To make whisky, you have to start by brewing. And yet, few French distilleries produce and market beer. They often prefer to launch another spirit (gin, pure malt, which represent a small market) rather than entering the buoyant craft beer market.
As more and more breweries are moving into distillation, whether by in-house or outsourced production, is it easier, more natural or more legitimate to move from beer to whisky than the other way around?
A brewer turned distiller and a distiller turned brewer talk about the operational, technical, logistical and commercial challenges of this diversification.
Bruno Mangin A former restaurant owner, Bruno Mangin was one of the pioneers of the revival of craft brewing when he created the Rouget de Lisle Brewery - which became La Rouget - in 1994 in his native Jura. He then launched into whisky, but in three stages: first by doing trials in 1998 in a distillery in Saône et Loire, then by launching a regular production in 2006 with the help of a neighboring distiller. The first Rouget de Lisle whiskies were marketed at the end of 2009. In 2012, Bruno Mangin invests in his own still, installs a cellar and really moves up a gear. The BM signature range now includes several whiskies but also a gin and several vodkas.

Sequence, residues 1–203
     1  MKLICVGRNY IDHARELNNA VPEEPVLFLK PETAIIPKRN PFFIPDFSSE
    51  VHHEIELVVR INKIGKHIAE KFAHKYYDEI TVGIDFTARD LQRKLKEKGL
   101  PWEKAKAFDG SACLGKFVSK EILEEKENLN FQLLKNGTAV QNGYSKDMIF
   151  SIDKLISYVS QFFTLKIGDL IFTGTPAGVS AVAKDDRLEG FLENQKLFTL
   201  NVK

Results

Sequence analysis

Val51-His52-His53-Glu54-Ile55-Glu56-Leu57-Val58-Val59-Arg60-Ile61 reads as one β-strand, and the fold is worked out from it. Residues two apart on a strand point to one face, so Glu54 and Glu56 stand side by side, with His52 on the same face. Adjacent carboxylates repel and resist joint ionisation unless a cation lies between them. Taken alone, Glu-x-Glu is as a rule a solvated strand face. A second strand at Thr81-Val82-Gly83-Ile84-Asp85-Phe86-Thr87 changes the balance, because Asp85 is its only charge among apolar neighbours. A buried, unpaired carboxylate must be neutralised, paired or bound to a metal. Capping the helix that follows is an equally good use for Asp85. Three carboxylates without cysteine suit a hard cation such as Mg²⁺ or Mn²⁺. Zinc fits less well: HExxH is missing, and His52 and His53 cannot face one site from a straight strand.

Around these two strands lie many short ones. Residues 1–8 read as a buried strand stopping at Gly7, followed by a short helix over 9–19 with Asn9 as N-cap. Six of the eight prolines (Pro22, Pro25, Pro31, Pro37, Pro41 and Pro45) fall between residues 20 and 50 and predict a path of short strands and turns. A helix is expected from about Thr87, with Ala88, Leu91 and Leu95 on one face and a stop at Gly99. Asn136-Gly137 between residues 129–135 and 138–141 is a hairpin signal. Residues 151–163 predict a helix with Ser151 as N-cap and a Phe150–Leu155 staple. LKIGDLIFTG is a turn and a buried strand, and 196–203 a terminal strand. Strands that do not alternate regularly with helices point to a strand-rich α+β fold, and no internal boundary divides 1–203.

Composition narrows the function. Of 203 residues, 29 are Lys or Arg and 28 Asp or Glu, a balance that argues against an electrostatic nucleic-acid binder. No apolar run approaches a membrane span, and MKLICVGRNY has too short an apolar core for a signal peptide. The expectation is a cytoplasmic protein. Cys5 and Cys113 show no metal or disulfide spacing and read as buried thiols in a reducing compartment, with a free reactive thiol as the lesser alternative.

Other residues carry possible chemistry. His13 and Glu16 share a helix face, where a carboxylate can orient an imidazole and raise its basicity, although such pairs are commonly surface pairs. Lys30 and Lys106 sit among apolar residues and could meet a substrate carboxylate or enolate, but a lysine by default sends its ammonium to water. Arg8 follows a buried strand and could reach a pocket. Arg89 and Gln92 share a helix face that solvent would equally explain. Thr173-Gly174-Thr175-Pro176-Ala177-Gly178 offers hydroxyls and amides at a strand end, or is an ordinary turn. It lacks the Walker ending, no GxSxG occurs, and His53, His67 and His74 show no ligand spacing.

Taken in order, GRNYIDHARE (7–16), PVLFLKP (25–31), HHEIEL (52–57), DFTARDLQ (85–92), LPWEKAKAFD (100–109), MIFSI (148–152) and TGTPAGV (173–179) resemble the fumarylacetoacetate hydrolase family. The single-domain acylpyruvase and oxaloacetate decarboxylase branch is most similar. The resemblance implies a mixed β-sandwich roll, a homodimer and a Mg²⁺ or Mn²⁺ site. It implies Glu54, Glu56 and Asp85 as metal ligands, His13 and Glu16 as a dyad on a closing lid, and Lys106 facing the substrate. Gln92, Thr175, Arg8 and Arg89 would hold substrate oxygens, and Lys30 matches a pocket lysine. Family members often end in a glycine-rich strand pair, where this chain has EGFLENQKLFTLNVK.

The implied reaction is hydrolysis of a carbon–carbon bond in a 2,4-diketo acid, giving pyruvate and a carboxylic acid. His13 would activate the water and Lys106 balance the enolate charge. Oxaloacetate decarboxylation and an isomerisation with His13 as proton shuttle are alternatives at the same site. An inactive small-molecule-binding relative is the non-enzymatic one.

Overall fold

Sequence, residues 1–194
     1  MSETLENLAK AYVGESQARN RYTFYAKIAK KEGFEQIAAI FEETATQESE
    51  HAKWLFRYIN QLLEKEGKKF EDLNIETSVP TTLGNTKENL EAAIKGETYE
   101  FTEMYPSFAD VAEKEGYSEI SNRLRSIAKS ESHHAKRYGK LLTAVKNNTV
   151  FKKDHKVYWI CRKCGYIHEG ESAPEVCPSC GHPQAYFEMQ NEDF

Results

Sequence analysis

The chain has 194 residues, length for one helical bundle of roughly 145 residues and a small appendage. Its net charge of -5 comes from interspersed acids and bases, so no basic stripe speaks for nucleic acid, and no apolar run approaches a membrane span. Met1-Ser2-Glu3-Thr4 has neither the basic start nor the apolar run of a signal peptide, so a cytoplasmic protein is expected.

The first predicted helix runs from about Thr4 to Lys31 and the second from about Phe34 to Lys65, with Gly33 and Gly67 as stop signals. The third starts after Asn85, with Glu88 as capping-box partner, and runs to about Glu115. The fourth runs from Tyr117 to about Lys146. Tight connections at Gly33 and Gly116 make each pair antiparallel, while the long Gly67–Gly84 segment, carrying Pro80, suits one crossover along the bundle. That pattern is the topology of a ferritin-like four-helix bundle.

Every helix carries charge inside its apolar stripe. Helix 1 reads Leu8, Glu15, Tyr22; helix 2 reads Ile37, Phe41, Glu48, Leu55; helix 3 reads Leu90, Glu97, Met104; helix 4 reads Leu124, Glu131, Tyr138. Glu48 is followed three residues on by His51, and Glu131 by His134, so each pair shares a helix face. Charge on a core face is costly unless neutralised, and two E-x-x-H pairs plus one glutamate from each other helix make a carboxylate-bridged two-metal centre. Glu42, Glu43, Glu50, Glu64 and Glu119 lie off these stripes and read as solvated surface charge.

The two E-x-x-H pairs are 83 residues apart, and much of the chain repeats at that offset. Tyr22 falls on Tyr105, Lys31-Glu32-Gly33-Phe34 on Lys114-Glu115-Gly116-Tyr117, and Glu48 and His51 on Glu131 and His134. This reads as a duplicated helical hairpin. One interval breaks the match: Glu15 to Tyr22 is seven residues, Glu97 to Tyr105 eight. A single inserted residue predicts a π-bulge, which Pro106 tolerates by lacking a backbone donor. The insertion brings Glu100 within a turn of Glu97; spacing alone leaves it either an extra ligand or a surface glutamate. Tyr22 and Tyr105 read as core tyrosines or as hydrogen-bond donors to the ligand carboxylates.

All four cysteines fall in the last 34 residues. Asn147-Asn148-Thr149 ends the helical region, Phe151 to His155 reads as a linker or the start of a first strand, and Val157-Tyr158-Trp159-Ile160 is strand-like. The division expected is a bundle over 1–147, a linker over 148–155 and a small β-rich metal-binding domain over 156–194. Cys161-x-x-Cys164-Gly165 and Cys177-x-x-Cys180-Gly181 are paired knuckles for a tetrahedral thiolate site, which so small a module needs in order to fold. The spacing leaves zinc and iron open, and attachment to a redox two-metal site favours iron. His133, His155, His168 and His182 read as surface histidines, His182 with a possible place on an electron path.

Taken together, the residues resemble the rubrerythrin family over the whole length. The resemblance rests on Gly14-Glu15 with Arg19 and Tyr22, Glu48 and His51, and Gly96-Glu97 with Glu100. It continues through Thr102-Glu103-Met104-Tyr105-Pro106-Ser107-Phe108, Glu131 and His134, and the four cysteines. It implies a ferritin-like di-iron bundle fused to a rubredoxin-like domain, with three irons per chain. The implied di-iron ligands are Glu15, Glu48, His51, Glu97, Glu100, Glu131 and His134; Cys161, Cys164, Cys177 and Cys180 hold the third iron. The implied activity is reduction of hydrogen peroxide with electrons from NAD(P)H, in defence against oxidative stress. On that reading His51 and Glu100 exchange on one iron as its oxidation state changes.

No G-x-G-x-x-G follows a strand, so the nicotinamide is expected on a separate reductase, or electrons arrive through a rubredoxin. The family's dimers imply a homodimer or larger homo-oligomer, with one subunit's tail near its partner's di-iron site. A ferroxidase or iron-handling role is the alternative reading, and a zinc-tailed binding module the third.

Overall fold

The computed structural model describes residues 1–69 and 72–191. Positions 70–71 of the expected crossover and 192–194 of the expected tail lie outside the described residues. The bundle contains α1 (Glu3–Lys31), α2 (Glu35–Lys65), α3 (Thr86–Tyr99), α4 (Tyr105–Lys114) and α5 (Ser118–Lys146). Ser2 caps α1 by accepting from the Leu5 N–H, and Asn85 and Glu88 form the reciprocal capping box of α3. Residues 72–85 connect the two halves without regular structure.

David Roussier plunged into the world of spirits in general and whisky in particular, for love of Anne Leizour, daughter of the owner of the Warenghem distillery in Lannion (Brittany). Alongside his father-in-law and with the help of his wife, he developed the whisky business, segmenting his brands and spirits by distribution network, certifying his whiskies AB and diversifying with a range of beers.
Warenghem has thus reinforced its position as a pioneer and leader in French whisky.